Georgetown Submarket Overview
Stable demand and a dearth of supply helped vacancies decline for years, bringing them well below the metro average. After peaking at about 12% after the recession, they are now in the single digits. But weakening demand over the past year and a half has led to a slight uptick in vacancies. The last delivery here was in 2006, and no projects are under construction. In addition to a lack of developable land, the Historic Preservation Review Board and local Advisory Neighborhood Commissions make building in the Georgetown Submarket difficult.
Nonetheless, rent growth has slowed recently and was negative through the first three quarters of 2018. A handful of buildings in the heart of the submarket generally trade here each year. At about $68 million, volume in 2017 was roughly a third of that in 2016. But sales skyrocketed this year, almost entirely due to one transaction—Global Holdings Group’s $415 million purchase of Washington Harbour, a 561,000-SF, mixed-use building on the Georgetown waterfront.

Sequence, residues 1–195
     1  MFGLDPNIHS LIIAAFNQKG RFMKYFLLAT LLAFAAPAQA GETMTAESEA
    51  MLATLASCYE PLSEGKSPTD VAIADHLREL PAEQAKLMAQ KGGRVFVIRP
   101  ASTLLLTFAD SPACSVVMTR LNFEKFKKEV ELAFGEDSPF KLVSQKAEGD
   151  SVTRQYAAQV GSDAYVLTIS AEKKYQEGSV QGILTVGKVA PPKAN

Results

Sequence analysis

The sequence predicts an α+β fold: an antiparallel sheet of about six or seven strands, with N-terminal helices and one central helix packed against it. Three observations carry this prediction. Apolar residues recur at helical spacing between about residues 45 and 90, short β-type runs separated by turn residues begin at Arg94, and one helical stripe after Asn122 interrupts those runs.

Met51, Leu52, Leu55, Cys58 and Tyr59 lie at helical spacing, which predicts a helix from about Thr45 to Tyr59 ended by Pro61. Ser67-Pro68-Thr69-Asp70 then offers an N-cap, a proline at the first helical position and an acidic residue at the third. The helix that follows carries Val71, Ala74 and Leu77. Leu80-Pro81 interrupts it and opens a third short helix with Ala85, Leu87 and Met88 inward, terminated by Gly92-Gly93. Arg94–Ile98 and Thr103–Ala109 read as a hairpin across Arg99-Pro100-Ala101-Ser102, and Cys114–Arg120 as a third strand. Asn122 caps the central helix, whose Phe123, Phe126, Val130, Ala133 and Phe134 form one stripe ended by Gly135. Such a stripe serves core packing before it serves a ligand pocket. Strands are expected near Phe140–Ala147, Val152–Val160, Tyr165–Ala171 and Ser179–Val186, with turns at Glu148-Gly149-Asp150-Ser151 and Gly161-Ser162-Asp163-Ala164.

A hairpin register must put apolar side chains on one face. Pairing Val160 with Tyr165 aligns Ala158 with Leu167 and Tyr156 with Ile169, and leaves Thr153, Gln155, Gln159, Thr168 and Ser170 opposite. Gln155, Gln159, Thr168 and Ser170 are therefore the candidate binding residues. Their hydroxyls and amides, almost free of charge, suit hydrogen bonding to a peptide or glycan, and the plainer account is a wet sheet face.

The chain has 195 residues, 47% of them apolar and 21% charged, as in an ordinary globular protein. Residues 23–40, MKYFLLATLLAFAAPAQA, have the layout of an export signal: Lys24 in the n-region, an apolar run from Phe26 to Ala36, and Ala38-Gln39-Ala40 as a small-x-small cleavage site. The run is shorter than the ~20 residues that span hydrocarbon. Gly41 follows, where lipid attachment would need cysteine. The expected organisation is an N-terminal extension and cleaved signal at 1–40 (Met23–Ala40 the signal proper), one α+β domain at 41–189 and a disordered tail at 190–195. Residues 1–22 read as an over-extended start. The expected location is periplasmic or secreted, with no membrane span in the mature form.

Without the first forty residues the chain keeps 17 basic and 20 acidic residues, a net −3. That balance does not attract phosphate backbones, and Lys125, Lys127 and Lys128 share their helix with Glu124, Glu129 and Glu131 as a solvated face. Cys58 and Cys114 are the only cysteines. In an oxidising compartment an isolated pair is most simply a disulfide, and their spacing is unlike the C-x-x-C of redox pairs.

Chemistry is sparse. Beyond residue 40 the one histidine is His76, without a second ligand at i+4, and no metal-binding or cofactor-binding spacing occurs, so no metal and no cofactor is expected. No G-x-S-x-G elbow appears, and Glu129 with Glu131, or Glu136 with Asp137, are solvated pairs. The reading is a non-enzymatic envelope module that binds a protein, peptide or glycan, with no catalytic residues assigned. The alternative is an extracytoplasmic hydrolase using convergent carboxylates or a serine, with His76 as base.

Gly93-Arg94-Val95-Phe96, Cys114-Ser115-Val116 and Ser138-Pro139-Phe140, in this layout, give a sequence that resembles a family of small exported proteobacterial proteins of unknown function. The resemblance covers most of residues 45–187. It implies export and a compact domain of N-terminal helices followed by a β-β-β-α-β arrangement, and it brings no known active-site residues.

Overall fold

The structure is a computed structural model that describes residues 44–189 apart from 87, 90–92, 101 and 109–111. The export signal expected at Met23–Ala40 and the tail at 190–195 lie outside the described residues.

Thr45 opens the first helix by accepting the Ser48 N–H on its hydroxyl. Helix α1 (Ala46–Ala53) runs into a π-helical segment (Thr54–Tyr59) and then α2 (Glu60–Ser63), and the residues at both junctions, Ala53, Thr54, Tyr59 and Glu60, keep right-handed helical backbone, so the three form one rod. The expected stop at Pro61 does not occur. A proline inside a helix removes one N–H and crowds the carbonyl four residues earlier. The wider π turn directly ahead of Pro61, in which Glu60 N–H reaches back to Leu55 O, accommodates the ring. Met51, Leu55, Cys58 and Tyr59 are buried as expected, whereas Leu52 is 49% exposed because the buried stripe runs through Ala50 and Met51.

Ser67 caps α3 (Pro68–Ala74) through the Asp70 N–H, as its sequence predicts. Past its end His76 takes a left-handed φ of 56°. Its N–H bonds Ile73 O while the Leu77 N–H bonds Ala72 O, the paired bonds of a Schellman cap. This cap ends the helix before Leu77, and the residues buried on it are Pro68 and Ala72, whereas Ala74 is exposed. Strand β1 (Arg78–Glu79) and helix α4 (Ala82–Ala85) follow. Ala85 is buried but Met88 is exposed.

Uptown Submarket Overview
The vast majority of office space in the Uptown Submarket is in its southeastern portion, near Dupont Circle, Logan Circle, and Adams Morgan. In fact, the area bounded by Rock Creek Park, Irving Street NW, North Capital Street, and P Street NW contains about 40% of the submarket’s stock.
Demand has been relatively flat, but because of a lack of supply, vacancies have remained well below the metro average over the course of the cycle, despite a significant tenant move-out in 2014 that spiked vacancies considerably. Rent growth has slowed since 2014, and rents had declined this year as of mid- October. This has kept office rents in Uptown below those in neighboring D.C. submarkets like Georgetown, West End, CBD, and East End. Nonetheless, sales took off in 2016, reaching $280 million due in large part to the sale of Fannie Mae’s headquarters. Volume in 2017 was much lower—at just over $100 million, it was well below the average of the past few years. Sales this year seem on pace to drop again, with just over $50 million recorded as of mid-October.